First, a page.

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Steve Martin & the Steep Canyon Rangers in NYC – a review

Steve Martin

Below is a proper review of Thursday night’s show to go along with Ryan Muir‘s pictures….

Steve Martin

Steve Martin & The Steep Canyon Rangers
The Rubin Museum Of Art
Thursday 28th May, 9.30pm set

by Martin Longley

Steve Martin elected to dub his show A Tentative Evening Of Bluegrass, perhaps guarding in advance against the obvious tendency of his audience asking the question of whether a comedian is also allowed to play the banjo. Woody Allen has faced the same grilling over his clarinet abilities. This is always the way when an artist shifts disciplines, whether from acting to rock’n’roll, from rock’n’roll to photography, from movies to fashion design, from boxing to perfumery or from pop to porn. Martin recorded The Crow: New Songs For The Five-String Banjo in New Jersey, but you’d never guess. It’s now riding high in the bluegrass charts.

Three not surprisingly sold-out shows over two nights at The Rubin Museum Of Art demonstrate his picking skills in a decisive fashion. This is a venue that insists on a regime of completely acoustic performance, and that stipulation is ideal for bringing the music right back to its absolute roots. Martin’s fronting The Steep Canyon Rangers from Asheville, North Carolina, a youngish quintet that adopt the classic bluegrass formation of guitar (Woody Platt), fiddle (Nicky Sanders), upright bass (Charles R. Humphrey III), banjo (Graham Sharp), mandolin (Mike Guggino) and compulsory vocalising for all. The only element that isn’t traditional is the presence of Martin himself, making up a two-banjo attack. But Sharp isn’t here to shadow Martin, to support his untried skills. No. Often, the two are alternating phrases in call-and-response, or Sharp is sitting out whilst Martin plays lead. It’s more like a twin-pronged soloist set-up. Martin is frequently right out front, spotlighting his fleet skills. He’s not a hammerer, but more of a silvery skater.

Some of Martin’s songs began their evolution over four decades ago, and have only been completed recently. He’s been playing the banjo since he was a kid, and is a genuine enthusiast rather than a casual dilettante. Martin playing some intricate lead phrases, and offering the occasional vocal. His non-amplified projection skills are impressive, as he quips in-between songs. Martin might mock himself, the band, the audience and, indeed, the whole of existence itself, but once the music commences, a serious focus sharpens.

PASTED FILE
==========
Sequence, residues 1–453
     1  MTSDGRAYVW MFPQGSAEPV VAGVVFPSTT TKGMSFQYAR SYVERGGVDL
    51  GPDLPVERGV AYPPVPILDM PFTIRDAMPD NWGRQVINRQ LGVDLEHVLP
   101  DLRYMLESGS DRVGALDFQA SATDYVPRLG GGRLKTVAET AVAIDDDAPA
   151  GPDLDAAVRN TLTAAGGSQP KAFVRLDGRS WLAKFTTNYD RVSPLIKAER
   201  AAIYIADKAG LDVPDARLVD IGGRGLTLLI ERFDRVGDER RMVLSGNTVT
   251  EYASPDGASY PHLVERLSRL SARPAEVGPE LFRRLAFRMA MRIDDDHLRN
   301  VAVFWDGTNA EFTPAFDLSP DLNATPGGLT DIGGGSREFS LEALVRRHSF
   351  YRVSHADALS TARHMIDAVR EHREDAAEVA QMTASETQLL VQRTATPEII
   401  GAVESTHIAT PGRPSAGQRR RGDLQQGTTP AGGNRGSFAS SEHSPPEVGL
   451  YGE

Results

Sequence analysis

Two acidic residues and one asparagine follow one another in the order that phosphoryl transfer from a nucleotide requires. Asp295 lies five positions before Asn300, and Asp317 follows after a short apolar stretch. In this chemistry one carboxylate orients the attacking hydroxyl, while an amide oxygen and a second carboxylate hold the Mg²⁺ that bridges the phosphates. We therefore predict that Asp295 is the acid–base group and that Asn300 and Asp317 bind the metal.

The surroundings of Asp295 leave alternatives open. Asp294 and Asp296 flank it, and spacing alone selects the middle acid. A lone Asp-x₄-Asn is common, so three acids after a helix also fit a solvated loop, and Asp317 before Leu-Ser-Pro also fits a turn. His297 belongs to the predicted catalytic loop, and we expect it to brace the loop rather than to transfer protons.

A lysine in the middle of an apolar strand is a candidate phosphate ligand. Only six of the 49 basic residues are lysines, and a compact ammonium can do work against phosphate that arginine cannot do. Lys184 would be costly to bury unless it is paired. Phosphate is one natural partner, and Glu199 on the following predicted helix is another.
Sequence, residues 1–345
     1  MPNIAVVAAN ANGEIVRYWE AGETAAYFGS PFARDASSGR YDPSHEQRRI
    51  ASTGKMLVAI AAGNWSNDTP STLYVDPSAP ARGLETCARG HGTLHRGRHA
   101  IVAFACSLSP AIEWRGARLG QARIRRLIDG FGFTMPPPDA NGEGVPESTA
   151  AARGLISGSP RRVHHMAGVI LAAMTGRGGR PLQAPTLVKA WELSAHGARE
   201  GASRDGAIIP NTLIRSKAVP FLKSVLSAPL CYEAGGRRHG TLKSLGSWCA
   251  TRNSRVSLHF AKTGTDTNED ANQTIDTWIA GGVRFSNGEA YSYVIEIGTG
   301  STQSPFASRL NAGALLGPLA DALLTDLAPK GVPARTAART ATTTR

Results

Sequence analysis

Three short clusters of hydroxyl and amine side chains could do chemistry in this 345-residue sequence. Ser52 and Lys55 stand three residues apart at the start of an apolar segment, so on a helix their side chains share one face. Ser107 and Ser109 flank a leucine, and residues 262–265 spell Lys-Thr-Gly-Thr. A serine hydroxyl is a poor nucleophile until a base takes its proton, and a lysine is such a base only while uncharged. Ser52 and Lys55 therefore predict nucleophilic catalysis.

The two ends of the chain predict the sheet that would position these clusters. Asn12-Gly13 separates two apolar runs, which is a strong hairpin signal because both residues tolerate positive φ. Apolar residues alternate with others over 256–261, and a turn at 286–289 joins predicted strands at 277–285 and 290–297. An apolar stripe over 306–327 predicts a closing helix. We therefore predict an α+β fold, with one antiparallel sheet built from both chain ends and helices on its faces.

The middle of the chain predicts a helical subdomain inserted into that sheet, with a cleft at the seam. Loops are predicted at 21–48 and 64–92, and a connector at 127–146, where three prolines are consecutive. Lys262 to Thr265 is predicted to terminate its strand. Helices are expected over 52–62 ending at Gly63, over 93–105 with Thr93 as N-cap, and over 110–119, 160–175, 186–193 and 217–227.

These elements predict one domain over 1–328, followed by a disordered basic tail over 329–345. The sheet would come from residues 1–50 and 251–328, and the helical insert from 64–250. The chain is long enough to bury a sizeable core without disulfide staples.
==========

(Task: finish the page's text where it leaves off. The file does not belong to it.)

He considered the lyrics for “Daddy Played The Banjo” as bad poetry, but also the makings of a good country song. Martin’s odd-tune-out is “Late For School”, a racing comedy number where his vocals take centre-stage. There’s also a tribute to bluegrass king Bill Monroe, with readings of “Orange Blossom Special” and “Sitting On Top Of The World” (not the old blues chestnut). The Himalayan-obsessed Rubin usually asks its visiting artists to pen a piece that’s inspired by an exhibit in the museum, but Martin merely elects to switch “Saga Of The Old West” to “Saga Of The Old East”. He’s fighting the onstage heat, with persistent banjo tuning problems, which is all good fodder for wisecracks (the changing room temperature is generated by the audience’s rapidly-shifting hot-then-cold attention-span!). The rapport between Martin and his Rangers is startling, even they’ve only been working together for a short spell. When Martin vacates the stage, leaving them to play a pair of tunes from their accustomed repertoire, it’s a chance to hear how different their band personality can be when operating independently. These are more song-based pieces. Martin returns, and in the trusty way, everyone gets to step forward, delivering their solo flashes, all of them highly expressive. And then, out comes Tony Trischka for a three-banjo tussle, reprising his 2007 collaboration with Martin. This is prime entertainment, as parodic comedy chaos is grafted onto sheer musical substance. The compulsive charisma of Martin is witnessed at close range, his banjoman reputation is solidified, bluegrass music continues its re-revival and The Steep Canyon Rangers increase their profile immeasurably.

More about this show, with full picture set, HERE.

Steve Martin

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